150 eh? Not a bad innings.
Best’s celebrate their 150th birthday next year and they’re making a big deal about the occasion with special new packaging.
To honest, I’d demand new livery if I was 150 years old too. Gee I’d be a grumpy bastard by then…
This pivotal western Victorian producer have really been in good form over the past few vintages, with the Best’s silverware cabinet groaning under the weight of wine show silverware – ‘the Jimmy’ chief among them.
The ‘pivotal’ bit is not a throw-away term either, as there is some amazing vine material in Best’s ancient vineyards, including some of the world’s oldest Pinot Noir vines (from two ancient clones, one Swiss and one French) and eight different varieties that are still as-yet undefined.
It is the Shiraz clones at Best’s that are particularly important, cuttings of which are called the Best’s clone and used as source material all over the country.
Best’s have changed the way they make wines over the past decade too, with a string of clever winemakers passing through the building of late – including Adam Wadewitz (now at Shaw & Smith) and more recently Justin Purser – leading to a much more modern feel to this venerable winery.
Personally I think the biggest advances have been in the quality of the Riesling(s), plus the renewed focus on Pinot Noir and Pinot Meunier (the Meunier is a real sleeper).
Shiraz is obviously the hero at Best’s and the most recent vintages of Bin 0 and Thomson Family have been superb. I find myself less enamoured with the modern form of Bin 1 though, which has become a little too juicy and polished.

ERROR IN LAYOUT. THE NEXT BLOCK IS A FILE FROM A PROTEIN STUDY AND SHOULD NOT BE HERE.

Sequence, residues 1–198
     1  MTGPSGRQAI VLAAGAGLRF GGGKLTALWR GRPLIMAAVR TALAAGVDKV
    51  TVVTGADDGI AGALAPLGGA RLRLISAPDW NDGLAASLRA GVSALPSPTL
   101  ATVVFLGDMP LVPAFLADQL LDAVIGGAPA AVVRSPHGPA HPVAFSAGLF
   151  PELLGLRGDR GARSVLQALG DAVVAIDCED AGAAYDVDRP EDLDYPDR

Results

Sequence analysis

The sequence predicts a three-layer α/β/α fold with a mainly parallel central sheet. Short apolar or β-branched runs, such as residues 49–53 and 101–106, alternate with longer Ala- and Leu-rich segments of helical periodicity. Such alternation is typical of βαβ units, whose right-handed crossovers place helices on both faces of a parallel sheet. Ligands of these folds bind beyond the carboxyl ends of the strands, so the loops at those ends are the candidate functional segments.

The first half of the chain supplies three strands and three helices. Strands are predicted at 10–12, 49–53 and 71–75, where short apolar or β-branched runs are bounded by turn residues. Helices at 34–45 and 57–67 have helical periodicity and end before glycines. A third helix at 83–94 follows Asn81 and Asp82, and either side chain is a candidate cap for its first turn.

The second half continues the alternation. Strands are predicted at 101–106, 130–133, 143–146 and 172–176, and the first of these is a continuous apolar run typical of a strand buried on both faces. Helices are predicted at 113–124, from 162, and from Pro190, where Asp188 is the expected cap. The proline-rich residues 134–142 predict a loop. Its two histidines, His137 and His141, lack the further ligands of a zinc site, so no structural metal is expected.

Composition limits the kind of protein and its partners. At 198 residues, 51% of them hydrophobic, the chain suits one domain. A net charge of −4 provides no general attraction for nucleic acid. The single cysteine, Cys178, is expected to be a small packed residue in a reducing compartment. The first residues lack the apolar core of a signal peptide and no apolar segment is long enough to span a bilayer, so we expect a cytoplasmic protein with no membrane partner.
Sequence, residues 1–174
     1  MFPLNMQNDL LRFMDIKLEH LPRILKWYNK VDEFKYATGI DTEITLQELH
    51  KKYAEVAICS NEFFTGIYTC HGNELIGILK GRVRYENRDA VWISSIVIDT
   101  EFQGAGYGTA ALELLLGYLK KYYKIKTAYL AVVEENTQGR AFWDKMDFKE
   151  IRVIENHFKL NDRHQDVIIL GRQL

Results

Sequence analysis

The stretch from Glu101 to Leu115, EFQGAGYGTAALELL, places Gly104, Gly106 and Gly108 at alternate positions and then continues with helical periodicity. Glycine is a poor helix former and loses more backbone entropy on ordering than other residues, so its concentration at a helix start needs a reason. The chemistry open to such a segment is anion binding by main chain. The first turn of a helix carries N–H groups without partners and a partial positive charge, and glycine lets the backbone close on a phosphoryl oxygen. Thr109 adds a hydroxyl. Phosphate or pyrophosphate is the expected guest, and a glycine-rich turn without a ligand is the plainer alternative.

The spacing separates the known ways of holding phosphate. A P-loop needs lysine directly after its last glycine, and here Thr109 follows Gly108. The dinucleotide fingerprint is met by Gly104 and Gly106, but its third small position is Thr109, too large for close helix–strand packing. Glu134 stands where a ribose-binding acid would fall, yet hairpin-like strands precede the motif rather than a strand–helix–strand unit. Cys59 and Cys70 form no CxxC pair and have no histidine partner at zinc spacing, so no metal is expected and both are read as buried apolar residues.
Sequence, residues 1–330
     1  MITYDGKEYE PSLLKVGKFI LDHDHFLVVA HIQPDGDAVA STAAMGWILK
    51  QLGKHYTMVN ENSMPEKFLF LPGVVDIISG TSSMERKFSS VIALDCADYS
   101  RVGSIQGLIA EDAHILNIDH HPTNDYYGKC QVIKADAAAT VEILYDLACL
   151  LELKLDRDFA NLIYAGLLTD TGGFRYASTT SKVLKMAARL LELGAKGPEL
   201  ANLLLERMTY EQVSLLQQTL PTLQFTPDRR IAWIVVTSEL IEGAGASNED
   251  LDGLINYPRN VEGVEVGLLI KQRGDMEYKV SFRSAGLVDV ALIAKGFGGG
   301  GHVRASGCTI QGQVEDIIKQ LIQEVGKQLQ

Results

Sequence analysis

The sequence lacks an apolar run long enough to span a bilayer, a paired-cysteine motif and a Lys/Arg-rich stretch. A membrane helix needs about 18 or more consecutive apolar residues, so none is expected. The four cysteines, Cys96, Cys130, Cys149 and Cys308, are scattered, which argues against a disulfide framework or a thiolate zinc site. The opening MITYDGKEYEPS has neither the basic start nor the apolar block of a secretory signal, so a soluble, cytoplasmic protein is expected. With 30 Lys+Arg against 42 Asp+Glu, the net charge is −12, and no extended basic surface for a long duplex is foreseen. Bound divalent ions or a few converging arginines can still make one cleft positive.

With this vintage it is most pleasing to see how the improvement in the Cab, which can look a little weedy. Not this year. The hero of this lot is definitely the Riesling, which balances ripe fruit, residual sugar and acid with some ease.
Best’s Great Western Riesling 2015
From a vintage that started cool and dry with spring frosts before a dry and warm season. Crops were low. The elevated Rhymney vineyard was the pick for Riesling fruit this year.
Clearly the product of a warm and dry vintage, there’s an extra level of juiciness this vintage. There’s yellow apple, lemon and green melon on the nose, over a palate that is round and full with a twist of residual sugar and a perfectly sprightly finish. Nice wine, with a real mouthfilling fullness without losing shape. RS is balanced too. Drink well chilled and young methinks, though it will go for ages. Another very smart release Drink 2015-2016 or wait until 2020. 17.7/20, 92/100, 12%, $25
Best’s Great Western Shiraz 2014
Best’s were lucky to dodge a bushfire in the region this vintage, though they feel that the early season (January) heat pushed the vines into dormancy and made the ripening later again.
Magenta red purple (Viognier?) and very bright, there is an overlay of Grampians pepper on the nose over a typically plummy juicy palate, finishing off with faintly bitter tannins to the tannins and integrated oak. Medium bodied, this tastes just a little short and simple for really big points, though it is clearly regional. Good, without being great (yet). Drink: 2016-2022. 17.5/20, 91/100, 14%, $25
Best’s Great Western Cabernet Sauvignon 2014
This is probably the most Great Western and least Cabernet Sauvignon Best’s Cab in some years, to the point where you could almost confuse this with the Shiraz on first glance. That’s not such a bad thing, really, depending on what you’re looking for. This looks very young, bright purple coloured and fresh, the nose all purple fruit, the mid-weight palate ripe and well placed, even though the finish looks rather dried out and a bit tough. A pretty solid wine though, if desperate for bottle age and better than many previous vintages. Will live and go even longer than the Shiraz to boot. Drink: 2017-2028. 17/20, 90/100. 14%, $25
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